When Your Child Wants to Quit Sports

September 12th, 2013 posted by Elizabeth Pantley

When Your Child Wants to Quit Sports - FamilyCorner.com

When I was growing up, the extent of my athletic experience was whatever they made me do twice a week when I put on my goofy blue gym uniform. I hated it! How times have changed! All three of my children have been involved in soccer, baseball, swimming and Ty Kwon Do. And all three say that gym class is one of their favorite classes. I realize that sometimes it’s not easy to get kids to commit to sports activities. But the long term benefits for your child make it worth the battle. Here’s a section from my book, Perfect Parenting, that addresses the issues of the reluctant athlete:

Question

My child signs up for athletic lessons and then doesn’t like it and doesn’t want to practice. After a few sessions she wants to quit. How do I get her involved in sports and how do I get her to stay committed?

Think about it

The first step is to determine the child’s reason for wanting to quit. You can figure this out by taking to the child, talking to the coach and watching a practice session and a game. There may be more than one reason. Review the solutions below for each reason.

#1, child isn’t skilled in the sport

Often children want to join a team because they enjoy watching the big league games on TV and playing with friends at the park. Once they join a team, however, they find that the game is harder than they thought, and they don’t have the skills to play well. Practice – just what the child wants to avoid – is the key to an attitude adjustment. Explain to your child that it takes time and practice to play well and because the session has just started she must give it a fair chance. Make an agreement that she must do her best for the session (or a specific amount of time). After that point, she can either continue, or stop and try something else. Put your agreement in writing and post it. Often a child can handle an activity for a short specific amount of time, and at the end of the time period has adequate skills to enjoy the sport and can then make a better decision about continuing.

#2, child is not having fun

Sometimes, the actual involvement isn’t as fun as the child imagined. First make sure the coach or teacher is compatible with your child. If there is a major personality clash it may be worth it to change coaches. If your child is not correctly matched to the skill level of the team, her inability to keep up could prevent her from having fun. If all seems to be okay in these areas, you can build your child’s interest by taking her to a professional-level game and to a game involving kids a few years older than she is. Another way to increase your child’s commitment to the game is to have enough equipment at home for casual practice, and to take the time to enjoy the game with your child, without the pressure of the formal game.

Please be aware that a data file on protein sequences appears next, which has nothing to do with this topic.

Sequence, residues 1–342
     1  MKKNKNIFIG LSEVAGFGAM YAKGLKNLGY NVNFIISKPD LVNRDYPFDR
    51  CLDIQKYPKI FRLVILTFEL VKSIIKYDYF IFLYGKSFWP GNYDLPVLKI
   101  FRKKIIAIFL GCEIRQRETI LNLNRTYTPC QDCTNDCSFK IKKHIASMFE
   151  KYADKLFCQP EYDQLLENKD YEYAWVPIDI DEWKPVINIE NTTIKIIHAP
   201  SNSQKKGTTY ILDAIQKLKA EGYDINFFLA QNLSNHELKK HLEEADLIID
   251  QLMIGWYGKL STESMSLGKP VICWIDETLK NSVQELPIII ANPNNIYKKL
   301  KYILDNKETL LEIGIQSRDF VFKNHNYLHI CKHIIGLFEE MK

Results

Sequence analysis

#3, sport takes up too much time

Most sports activities do require a time commitment from both child and parent. A child who is committed to more than one activity can easily feel overwhelmed. It’s usually best to focus on one extra-curricular activity at a time so that the child still has some time left over after sports and school for free unstructured play.

#4, child feels too much pressure

First experiences with team competition can be difficult for children. It’s especially hard if a child is not a great player. One way to remove some of the pressure is to cheer for the whole team, as opposed to the individual in the spotlight, “Go Redwings!” Another method is to focus on effort, skills and technique. “Good swing! Nice try!” If a child doesn’t ask for advice about how to play better, don’t give any! Leave it to the coaches. Watch how you, other parents, the kids and the coaches respond after a lost game. Look for something positive to say, “What a great effort!” Focus on a few positive details from the game. Find some time to play a casual version of the game at home or at the park so your child can enjoy the process without worrying about who wins.

(Excerpted with permission by NTC/Contemporary Publishing Group, Inc. from Perfect Parenting, The Dictionary of 1,000 Parenting Tips by Elizabeth Pantley, copyright 1999)

Elizabeth Pantley (57 Posts)

Elizabeth Pantley is also the president of Better Beginnings, Inc. She is a popular speaker on family issues. Elizabeth’s newsletter, Parent Tips is seen in schools nationwide. She appears as a regular radio show guest and has been quoted in Parents, Parenting, Redbook, Good Housekeeping, American Baby, Twins, Working Mother, and Woman’s Day magazines. You can visit her website at http://www.pantley.com/elizabeth/


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